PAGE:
Substituting “x” for “ch” was less common than substituting “p” for “b” but it did happen in some areas, especially those in which Greek was taught along with Latin. The familiar abbreviation xpo/xps/xpi/xpt for Christ (see right) is derived from Greek, with the x and p at the beginning descended from “chi” and “rho”. Thus, one occasionally sees chi (x) used for “ch” in Latin or other texts. Putting those pieces together “pox” becomes “boch” (goat) as suggested by Johannes Albes (and perhaps others).

It is not only the way the words are spelled, but also the way the letters are written that provide clues. The use of a figure-8 for D or S was not common uncommon (I’m leaning toward this being S since the previous D has an open loop and a word like “portas” is more likely than “portad”) but I sometimes wonder if it’s a ligature, or a symbol for another sound, such as ç or z as it is pronounced in Castilian Spanish.

Usually the figure-8 shape was written slightly asymmetrical to distinguish it from the number 8, but in a few areas (e.g., eastern France), the difference between “d” and “8” was less distinct and discerned by context. On folio 116v there aren’t enough instances of the figure-8 character to know for certain whether it’s D, S, or something else, but the fact that it exists in the marginalia (and possibly also in Voynichese) might be a regional indicator.


So, for quite a number of years, I have collected information on regional dialects, along with samples of text with scribal hands that resemble those of the main text and the last-page marginalia. When evaluated together, I was hoping they would help geolocate the VMS scribes.

This is a slow process and a certain amount of luck is involved. Many manuscripts have been lost in wars and fires and many sit unseen in private collections and libraries, so the odds of finding a match to the VMS handwriting is not very good. Nevertheless, I decided to try.

To date, I have about 600 hands that bear some resemblance to the handwriting of whoever penned all or most of the text on 116v. I had to study about 6,000 manuscripts to locate these samples, so only about 10% of the hands surveyed so far were similar enough to include in the sampling.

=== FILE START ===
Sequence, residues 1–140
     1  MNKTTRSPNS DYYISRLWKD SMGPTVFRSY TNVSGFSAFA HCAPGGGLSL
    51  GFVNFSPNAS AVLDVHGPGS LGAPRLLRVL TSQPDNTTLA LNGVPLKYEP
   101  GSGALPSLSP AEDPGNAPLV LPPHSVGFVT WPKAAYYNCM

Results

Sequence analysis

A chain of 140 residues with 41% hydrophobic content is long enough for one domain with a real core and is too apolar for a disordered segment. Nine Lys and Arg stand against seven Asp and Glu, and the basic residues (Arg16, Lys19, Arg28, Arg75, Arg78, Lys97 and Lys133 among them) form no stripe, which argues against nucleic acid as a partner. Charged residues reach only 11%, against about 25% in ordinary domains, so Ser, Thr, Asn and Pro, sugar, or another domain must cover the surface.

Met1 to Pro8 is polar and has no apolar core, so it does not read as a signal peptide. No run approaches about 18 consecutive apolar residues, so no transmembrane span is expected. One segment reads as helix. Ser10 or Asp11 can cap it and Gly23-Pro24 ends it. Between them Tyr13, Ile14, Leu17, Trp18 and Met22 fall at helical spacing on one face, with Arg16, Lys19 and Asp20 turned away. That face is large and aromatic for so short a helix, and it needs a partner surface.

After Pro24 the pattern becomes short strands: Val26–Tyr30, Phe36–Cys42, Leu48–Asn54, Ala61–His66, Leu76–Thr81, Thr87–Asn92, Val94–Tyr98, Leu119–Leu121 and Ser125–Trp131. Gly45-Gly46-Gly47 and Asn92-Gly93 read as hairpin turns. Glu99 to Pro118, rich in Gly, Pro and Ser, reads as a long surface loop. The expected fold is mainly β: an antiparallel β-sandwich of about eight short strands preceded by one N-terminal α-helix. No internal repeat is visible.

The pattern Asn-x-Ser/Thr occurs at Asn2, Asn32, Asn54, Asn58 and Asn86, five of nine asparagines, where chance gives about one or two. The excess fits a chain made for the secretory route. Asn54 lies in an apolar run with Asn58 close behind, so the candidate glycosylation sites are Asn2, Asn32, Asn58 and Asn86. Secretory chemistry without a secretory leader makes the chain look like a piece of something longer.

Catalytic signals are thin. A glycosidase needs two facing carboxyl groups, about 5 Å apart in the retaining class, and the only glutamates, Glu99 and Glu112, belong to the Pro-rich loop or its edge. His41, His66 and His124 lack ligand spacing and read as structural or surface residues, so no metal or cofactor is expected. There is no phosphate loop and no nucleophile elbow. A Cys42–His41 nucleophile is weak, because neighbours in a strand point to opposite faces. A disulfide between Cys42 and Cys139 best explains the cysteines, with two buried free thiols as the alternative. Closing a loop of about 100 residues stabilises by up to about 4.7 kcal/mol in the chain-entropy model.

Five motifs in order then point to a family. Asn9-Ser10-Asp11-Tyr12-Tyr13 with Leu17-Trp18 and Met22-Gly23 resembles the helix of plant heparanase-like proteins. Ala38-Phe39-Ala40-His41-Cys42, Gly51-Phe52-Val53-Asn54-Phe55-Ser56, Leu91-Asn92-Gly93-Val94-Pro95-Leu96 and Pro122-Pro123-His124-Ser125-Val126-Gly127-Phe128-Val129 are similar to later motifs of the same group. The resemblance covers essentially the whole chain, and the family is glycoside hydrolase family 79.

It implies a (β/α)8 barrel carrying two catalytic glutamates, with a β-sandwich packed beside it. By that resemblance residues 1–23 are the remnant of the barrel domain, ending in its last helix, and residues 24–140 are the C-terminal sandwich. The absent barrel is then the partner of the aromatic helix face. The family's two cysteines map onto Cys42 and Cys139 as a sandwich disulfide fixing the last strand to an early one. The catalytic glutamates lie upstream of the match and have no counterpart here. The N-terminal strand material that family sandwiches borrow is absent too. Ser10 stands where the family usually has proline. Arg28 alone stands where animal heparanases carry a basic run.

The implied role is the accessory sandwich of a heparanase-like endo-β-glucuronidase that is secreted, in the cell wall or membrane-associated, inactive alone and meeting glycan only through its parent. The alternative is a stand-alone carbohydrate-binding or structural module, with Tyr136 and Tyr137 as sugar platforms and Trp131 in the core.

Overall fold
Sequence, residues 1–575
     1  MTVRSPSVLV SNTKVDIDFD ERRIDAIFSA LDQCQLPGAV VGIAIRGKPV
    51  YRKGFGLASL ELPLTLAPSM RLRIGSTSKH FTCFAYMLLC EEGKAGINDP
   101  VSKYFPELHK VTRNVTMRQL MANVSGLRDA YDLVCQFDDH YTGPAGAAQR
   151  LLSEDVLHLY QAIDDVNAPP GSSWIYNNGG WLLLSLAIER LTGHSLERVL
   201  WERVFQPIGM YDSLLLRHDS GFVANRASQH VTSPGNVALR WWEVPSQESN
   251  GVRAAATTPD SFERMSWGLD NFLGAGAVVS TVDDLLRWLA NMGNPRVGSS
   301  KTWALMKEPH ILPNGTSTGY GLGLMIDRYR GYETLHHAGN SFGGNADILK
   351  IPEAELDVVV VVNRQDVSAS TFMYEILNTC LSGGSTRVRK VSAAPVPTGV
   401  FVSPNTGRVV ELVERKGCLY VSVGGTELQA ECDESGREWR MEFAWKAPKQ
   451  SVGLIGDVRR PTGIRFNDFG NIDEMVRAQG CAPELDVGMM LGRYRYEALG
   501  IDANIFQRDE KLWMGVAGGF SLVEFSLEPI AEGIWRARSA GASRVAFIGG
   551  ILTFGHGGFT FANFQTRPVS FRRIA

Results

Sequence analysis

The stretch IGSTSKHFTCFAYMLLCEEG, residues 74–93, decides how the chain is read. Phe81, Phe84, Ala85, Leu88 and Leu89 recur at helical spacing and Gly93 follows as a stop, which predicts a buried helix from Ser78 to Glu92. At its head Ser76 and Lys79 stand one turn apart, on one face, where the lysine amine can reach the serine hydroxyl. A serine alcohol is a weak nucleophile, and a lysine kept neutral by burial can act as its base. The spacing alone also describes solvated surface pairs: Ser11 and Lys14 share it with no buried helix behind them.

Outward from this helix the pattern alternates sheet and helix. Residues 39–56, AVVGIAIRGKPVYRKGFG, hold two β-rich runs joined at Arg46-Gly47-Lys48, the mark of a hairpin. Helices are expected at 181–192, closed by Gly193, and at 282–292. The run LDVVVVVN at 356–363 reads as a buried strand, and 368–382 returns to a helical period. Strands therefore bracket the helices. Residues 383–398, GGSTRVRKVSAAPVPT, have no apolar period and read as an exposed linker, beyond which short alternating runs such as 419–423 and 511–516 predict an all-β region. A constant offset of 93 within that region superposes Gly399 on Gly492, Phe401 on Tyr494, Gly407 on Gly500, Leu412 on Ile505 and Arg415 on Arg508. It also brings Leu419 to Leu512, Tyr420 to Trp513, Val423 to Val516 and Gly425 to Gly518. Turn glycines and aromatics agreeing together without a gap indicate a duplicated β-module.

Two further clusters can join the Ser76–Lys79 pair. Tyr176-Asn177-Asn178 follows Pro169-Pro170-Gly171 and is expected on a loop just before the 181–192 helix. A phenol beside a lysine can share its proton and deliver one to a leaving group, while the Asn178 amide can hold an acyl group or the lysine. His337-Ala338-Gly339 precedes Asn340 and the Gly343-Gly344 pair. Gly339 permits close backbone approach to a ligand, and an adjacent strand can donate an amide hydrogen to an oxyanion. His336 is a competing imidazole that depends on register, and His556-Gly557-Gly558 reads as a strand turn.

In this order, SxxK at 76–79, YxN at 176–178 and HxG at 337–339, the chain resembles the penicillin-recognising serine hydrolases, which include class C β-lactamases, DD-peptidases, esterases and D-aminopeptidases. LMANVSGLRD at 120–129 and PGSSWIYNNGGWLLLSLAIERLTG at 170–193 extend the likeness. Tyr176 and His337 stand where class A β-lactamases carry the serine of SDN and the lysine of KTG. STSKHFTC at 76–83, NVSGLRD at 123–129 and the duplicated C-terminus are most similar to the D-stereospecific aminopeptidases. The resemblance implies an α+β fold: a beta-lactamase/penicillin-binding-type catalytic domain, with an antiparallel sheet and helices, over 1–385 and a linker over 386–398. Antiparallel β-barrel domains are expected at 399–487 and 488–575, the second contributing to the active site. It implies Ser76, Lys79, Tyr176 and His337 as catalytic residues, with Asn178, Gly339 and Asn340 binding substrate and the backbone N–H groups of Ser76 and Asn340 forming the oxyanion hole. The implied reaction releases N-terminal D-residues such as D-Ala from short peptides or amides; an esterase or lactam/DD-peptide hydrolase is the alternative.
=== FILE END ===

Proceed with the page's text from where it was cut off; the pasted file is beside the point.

To evaluate the hands, I developed a mathematical system that describes each letter individually and the alphabet as a whole, and which also assigns scores for pen width, slant, letter spacing, and word spacing.

Unfortunately, neither the main text nor the marginalia provide a full alphabet but I am strongly convinced that the hand on f116v is the same as that on f17r, which helps fill out most of the alphabet for the marginalia, except for “k”, “q”, “y”, “z”, and “w” (“w” was not used in Latin but was in German). In Latin, there was usually no distinction between “u” and “v” but one was sometimes made in German, and the marginal writer does appear to write “u” and “v” differently, so I treated them as separate letters. The letter “j” was not typically used in the early 15th century. Normally the j sound was expressed with “iu” or “io” and sometimes written with an embellished “i” that resembles a modern “j”, but the “j” wasn’t usually treated as a separate letter when the VMS was created).

Thus, 20 letters are available for comparison (plus the figure-8 character, which might stand for terminal-S, D, or something else, and was not included due to its status being unknown).

When given numeric scores for similarity ranging from 1 to 6, with a perfect match for all the letters being 120 (not counting the spacing and slant variables), it becomes possible to search and sort the samples, and more objectively compare various hands to the VMS.

A Brief Overview of the Results So Far

Out of approximately 600 reasonably similar hands, only 18 scored 80 or higher on a scale of 1 to 120. This form of writing is loosely called Gothic cursive, although there are some traces of book-hand mixed in and it is sometimes referred to as Gothic quasi-cursive.

These are the ones that are most similar:

[Postscript 9/7/17: I noticed a copy-paste error in Row 7 Column 1 (the letter A), so I have corrected it and re-uploaded the chart.]

As can be seen from the top ten examples, which scored from 81 to 87, the scribes who wrote in hands most similar to the VMS marginalia did not typically write an unlooped “d”, a flat-bottomed “b”, or a “u” with serifs—the VMS hand differs in these respects not only from the hands that most closely match, but also from hands that scored in the 70 to 79 range, so these characteristics can be used as markers to help recognize an individual person’s writing. Unlooped “d” is not uncommon, it is simply less common in hands that most closely match the overall alphabet for the marginalia.